You also need to get comfortable with Permissions. Learning how to set permissions is super important. I’m not proud of how many hours I’ve been burnt by fixing permission issues.

Generally, if you’d like to run a script, you need to make sure the script is executable. Running

chmod a+x my_bash_script.sh will generally allow the script to be run.

The same result can be achieved by running

sudo chmod 775 my_bash_script.sh

It’s a rookie mistake that can be easily avoided.

Text Manipulation

There are some occasions where you’d like to look up information in files. Bash has a useful grep command that can be used to look up information.

For example, use grep to search a file containing a match.

Grepping works well with Piping in bash. Not the piping you’re thinking of. To understand piping, I’ll need to first talk about data streams in bash. There are STDIN, STDOUT, and STDERR. Usually, you send data from commands into files with the regex “>”. Piping is essentially sending data from one program into another. Let’s use a popular example. Maybe you’re trying to find the log of a backend crash that happened in a stack trace on “2020–06–06”.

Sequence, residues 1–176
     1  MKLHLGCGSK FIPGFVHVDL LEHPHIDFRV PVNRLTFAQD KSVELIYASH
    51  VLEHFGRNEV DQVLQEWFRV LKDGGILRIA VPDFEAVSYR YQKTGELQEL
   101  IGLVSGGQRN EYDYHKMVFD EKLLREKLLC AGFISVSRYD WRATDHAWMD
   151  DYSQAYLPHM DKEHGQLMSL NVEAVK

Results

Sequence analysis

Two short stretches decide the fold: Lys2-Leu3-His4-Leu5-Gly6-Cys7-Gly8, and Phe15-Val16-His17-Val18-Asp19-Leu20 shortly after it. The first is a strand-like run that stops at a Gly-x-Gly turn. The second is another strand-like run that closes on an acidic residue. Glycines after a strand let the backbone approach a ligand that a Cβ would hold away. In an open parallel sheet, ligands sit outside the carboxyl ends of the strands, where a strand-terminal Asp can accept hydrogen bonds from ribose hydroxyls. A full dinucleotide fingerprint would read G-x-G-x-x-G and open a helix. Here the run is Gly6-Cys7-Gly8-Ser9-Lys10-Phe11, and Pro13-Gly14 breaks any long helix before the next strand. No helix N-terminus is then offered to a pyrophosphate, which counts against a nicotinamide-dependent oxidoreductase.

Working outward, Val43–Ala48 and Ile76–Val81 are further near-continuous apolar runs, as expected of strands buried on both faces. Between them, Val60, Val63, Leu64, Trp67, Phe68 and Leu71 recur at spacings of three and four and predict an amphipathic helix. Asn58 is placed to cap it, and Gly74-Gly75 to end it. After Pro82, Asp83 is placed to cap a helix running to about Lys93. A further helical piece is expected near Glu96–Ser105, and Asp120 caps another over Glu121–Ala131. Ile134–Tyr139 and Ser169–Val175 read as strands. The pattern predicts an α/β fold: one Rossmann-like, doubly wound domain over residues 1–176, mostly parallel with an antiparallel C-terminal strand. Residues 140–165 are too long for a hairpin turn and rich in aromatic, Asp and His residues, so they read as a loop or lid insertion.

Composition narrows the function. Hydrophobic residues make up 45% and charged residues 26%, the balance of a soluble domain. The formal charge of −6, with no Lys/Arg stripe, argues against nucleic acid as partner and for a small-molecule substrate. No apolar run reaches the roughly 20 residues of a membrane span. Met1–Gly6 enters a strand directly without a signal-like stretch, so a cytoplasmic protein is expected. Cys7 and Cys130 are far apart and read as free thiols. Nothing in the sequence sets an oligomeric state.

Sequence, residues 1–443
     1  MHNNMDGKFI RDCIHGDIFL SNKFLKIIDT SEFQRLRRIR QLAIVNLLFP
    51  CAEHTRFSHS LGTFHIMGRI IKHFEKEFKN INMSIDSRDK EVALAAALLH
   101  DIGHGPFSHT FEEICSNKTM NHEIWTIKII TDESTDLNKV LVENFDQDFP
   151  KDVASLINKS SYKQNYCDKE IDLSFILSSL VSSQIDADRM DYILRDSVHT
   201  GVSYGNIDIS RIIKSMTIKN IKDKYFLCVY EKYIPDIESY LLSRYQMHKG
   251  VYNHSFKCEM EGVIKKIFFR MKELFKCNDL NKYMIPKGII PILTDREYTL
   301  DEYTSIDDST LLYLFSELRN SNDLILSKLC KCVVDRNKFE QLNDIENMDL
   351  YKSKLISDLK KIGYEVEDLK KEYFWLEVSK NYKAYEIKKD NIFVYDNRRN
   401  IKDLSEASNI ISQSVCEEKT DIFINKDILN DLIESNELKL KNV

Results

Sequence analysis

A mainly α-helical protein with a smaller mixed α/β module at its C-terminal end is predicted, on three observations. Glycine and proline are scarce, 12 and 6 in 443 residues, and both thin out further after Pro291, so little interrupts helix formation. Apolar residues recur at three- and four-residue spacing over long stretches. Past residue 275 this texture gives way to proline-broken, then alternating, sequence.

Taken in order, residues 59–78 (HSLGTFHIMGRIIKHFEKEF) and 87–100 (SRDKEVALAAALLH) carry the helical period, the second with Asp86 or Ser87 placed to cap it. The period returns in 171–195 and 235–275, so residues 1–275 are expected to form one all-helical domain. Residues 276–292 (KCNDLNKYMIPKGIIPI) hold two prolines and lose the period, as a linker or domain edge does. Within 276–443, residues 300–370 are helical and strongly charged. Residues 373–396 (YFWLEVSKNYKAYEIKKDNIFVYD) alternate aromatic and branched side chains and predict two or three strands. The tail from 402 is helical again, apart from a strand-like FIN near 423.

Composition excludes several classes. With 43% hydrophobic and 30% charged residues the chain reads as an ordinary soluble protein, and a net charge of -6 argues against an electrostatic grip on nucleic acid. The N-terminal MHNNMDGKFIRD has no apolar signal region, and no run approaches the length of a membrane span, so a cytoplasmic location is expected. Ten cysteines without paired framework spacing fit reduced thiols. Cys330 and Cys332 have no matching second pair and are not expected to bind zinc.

first, we concatenate(read the file sequentially) the log file with

cat event_log

then we search the output of the file that has been read with grep

but we can only send the data from cat to be grepped by using “|”

so the command becomes

cat event_log | grep 2020–06–06

The output will most likely be crashes that have 2020–06–06 in them.

You can go ahead to set vim as your default editor. Now let’s try to create a simple script that performs some workflows for us in git.